Arguably the most cosmopolitan and forward-thinking city in Northern Europe, Copenhagen is both home to over a millennium of Danish culture and a leader in modern city development and international tourism. If you're one to swoon over the archetypical European castle (there are a few real beauties 'round these parts), gaze in wide-eyed amazement at colorful waterfront facades, or get excited about a statue of the Little Mermaid, then there is no other choice but Copenhagen. If that's the case, let us give you a hand with what to expect.
Although the city was built on a revolutionary template called the “finger plan,” in which the suburbs radiate in five directions from the city center, the majority of what you'll want to see is in the palm of that hand. Indre By is the medieval center and heart of cultural affairs, with an exceptional number of well-kept churches and castles, as well as a few of Denmark's best museums. Amalienberg is the Royal residence that consists of four inward facing mansions; come here for the classic changing of the guard. Charlottenborg is classical architecture at its best and is a renowned exhibition space, while the City Hall on Rådhuspladsen (a bustling square) is known for its astronomical clock in the foyer. As far as museums go, the Glyptoteket begs attendance for its collection of both Western artifacts and more contemporary artistic works of French and Danish origin; the Nationalmuseet, on the other hand, has an unparalleled Viking collection, amongst innumerable other pieces. On top of all of this, there is an artificially created island called Slotsholmen, where a conjunction of Royal structures and worthwhile museums rub elbows. Of particular note is Christiansborg Slot, which houses all branches of government under one roof. For a sense of symbolic, photogenic Denmark (with the expensive shop prices that tourism brings), you may also visit the Nyhavn waterfront district.
Christianshaven is across the main canal and is considered the trendiest area in Copenhagen, with cafes and fancy bodegas existing amongst the red roofs of 19th century houses and meandering canal-ways. This is where the free state of Christiania has managed to endure despite the relative poverty of its alternative/Bohemian occupants, while the houses along Amagergade are an example of colorful housing reminiscent of Amsterdam.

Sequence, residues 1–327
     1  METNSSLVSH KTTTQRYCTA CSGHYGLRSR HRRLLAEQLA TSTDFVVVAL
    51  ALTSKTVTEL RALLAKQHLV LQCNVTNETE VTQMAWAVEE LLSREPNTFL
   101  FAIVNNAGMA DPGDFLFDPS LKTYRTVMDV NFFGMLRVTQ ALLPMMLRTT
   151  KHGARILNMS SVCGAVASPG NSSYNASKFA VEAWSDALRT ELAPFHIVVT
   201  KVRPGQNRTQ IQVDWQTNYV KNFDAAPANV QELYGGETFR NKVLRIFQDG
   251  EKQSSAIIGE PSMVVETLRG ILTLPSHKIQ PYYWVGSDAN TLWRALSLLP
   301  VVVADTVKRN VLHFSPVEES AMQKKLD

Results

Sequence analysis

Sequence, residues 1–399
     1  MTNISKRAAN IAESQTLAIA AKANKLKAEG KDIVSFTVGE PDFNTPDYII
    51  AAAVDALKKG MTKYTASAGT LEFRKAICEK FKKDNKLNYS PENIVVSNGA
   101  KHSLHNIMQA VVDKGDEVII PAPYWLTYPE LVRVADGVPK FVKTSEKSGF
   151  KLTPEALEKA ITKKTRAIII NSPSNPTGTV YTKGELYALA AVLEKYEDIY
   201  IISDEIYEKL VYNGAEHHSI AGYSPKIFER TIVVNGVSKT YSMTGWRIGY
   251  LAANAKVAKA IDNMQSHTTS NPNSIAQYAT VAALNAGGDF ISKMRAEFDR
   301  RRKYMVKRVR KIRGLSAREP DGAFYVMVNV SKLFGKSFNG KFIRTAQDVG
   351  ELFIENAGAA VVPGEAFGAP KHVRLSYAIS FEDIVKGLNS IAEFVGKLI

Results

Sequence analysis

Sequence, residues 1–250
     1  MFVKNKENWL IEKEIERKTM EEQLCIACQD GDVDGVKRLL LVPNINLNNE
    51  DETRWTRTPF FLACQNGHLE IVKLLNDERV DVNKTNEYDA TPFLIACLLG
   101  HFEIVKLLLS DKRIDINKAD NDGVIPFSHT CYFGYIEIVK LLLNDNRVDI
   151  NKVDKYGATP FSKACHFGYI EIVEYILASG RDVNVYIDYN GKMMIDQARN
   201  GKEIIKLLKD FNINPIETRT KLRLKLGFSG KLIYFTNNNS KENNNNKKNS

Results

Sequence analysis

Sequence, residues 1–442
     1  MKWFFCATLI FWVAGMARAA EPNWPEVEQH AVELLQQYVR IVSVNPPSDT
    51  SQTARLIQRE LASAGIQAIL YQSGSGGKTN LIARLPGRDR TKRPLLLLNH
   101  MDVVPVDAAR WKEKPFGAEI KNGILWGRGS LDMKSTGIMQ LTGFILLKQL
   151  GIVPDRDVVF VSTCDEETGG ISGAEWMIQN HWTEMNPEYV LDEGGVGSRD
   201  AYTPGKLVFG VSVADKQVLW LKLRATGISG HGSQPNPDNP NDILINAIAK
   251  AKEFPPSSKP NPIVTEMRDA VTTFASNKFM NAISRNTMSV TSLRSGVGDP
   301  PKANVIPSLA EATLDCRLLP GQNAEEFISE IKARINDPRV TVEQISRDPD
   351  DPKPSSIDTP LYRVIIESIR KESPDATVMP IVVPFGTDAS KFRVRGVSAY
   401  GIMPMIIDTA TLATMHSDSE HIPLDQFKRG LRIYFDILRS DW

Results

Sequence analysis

Other sections of the city center are more lively and exciting along main streets; Istegade is the area to explore in Vesterbro (despite its roots in sex-related commerce), with the old Carlsberg Brewery a short walk away, and world-famous amusement park Tivoli Gardens as the most popular attraction. Nørrebrogade is the main drag in Nørrebro and provides a bustling thoroughfare for a blue-collared and diverse demographic. Finally, Frederiksberg is where you'll run aground of more than a fair share of Copenhagen socialites and stately mansions, although there isn't much more than the zoo and Frederiksberg Palace here for travelers.
If you're willing to step outside the city, take the short train ride to Kronborg Castle, the inspiration for Hamlet's castle in the Shakespearean work of the same name. Also, just north of the city is the Louisiana Museum of Modern Art, which is widely considered the best art museum in Denmark.
With so much to do in Copenhagen, the most trouble is going to be choosing what will fit in your itinerary; start the organizational process with our trip planner and continue exploring what Copenhagen has to offer.